As the town of Greenland marks the one-year anniversary of the death of Chief Michael Maloney, residents say the painful memories of that night are still fresh in their minds. But they also agree it’s important to remember the sacrifice the chief made to the community.
In the town of Greenland, life goes on.
On a recent morning, Town Administrator Karen Anderson is getting briefed about a small fire at the transfer station.
It’s the kind of minor issue Anderson deals with on a normal day.
Go to any medical marijuana hearing and you will hear people suffering from severe illness or injury extolling the therapeutic benefits of marijuana. But in NH you have never heard things like this. Elizabeth Woodcock is with the NH Department of Justice:
The NH attorney general’s office is willing to work with the committee and with the medical community to see if we can resolve the concerns that we have about the bill, and that’s the only thing I came to say.
Nature preschools and forest kindergartens may sound more fun than foundational. But this nontraditional approach to early learning is gaining popularity for teaching the basics while getting kids away from screens and out into nature. And now Antioch University in Keene has begun offering a teacher education program for nature-based curricula and programs schools.
Friday marks the one year anniversary of the shooting death of Greenland Police Chief Michael Maloney. He was killed in the line of duty, helping fellow officers who themselves had been shot while attempting to execute a search warrant in a drug case. The Chief was popular and well admired in the small seacoast town, and many in the community are still feeling the loss intensely. The town’s current Police Chief Tara Laurent talks about how her Department is observing the anniversary.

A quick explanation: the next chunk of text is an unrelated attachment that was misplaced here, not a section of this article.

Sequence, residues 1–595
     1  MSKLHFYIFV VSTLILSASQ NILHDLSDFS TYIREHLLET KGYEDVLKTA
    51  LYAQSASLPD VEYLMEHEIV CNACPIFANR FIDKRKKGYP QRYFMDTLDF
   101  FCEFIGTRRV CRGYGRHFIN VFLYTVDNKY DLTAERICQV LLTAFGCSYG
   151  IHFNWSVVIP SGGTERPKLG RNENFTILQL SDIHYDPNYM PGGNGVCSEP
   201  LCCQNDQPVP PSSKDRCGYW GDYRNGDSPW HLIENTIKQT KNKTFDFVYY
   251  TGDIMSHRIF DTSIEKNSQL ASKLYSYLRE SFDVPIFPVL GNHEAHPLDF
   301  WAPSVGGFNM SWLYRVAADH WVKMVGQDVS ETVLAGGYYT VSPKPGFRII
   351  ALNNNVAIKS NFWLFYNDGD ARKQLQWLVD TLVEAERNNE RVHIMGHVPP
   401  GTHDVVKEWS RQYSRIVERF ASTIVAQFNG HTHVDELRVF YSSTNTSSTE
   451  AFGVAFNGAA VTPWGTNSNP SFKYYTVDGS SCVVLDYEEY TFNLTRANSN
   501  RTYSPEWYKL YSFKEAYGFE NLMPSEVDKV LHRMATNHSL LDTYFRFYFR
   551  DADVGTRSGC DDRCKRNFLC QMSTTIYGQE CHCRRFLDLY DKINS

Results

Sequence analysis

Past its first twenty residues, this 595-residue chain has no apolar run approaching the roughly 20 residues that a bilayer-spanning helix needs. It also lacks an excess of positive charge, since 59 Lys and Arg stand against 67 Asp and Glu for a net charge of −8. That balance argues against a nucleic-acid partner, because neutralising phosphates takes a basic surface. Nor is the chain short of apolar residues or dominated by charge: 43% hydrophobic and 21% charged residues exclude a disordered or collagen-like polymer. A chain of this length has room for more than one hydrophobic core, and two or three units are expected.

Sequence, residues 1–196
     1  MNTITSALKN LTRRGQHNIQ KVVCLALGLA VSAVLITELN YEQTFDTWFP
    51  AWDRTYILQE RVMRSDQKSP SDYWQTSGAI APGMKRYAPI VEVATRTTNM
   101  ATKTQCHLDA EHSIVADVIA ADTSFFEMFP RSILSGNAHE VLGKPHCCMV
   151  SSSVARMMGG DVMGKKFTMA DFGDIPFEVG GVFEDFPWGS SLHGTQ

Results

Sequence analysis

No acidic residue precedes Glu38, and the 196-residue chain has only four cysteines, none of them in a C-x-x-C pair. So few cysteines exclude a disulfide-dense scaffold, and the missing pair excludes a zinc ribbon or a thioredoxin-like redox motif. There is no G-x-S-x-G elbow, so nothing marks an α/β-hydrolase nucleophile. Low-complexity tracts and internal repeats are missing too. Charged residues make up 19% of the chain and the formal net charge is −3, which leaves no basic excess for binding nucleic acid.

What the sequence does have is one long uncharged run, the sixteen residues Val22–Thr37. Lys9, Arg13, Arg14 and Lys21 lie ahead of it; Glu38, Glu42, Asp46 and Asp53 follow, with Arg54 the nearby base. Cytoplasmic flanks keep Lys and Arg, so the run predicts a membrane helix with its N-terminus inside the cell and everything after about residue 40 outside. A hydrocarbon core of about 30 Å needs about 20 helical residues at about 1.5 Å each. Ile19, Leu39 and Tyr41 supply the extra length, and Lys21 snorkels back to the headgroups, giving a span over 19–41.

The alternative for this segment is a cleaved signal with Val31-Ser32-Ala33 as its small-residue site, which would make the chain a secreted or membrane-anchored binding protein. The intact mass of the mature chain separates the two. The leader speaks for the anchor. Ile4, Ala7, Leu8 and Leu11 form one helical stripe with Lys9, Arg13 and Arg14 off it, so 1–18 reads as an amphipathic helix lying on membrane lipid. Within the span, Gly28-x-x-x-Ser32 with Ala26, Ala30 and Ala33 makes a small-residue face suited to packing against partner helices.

Nearly 24 years after the courts first ordered a new facility for female inmates, the New Hampshire House has approved a capital budget with $38 million set aside for a 224-bed women's prison in Concord.
A class action lawsuit is driving lawmakers to act now.
Former State Senator Joe Foster is a bankruptcy lawyer who has never prosecuted a case, but his confirmation as N.H.'s highest law enforcement official looks assured. Former colleagues of both parties hailed his judgment and legal knowledge. Foster now manages the McLane law firm and says he well understands his new role would be different.
"You role as a lawyer is to represent your client, and that’s what I did at the law firm. You role at the law firm is to represent the people of N.H. and that’s what I am going to do, I am going to look out for their interests."
Governor Maggie Hassan announced today the creation of a new Commission to monitor the transition of the state’s Medicaid program to a managed care model.
The 11-person body includes public health experts, advocates for the disabled, doctors, as well as Donald Shumway, former Commissioner of DHHS, who will co-chair the group along with Mary Vallier-Kaplan.
Over the weekend, Immigration and Customs Enforcement officers arrested at least four undocumented immigrants in Nashua and Manchester. The arrests occurred less than a day after an immigration reform rally was held in Nashua. Immigration activists are calling foul and continuing demonstrations.
With an October 1st deadline looming, the state continues to move forward with implementation of a partnership health exchange. In agreeing to that partnership, state Republicans say they were promised input on a planning document called a Memorandum of Understanding, or MOU.
But last week, the Feds said partner states don’t have to submit an MOU. Republicans say that shuts them out of the legislative process.
People who work to protect loons think that this year the stars could be aligned for passing a bill that would tighten restrictions on lead fishing tackle. The proposed bill would ratchet up restrictions on lead fishing jigs in 2015.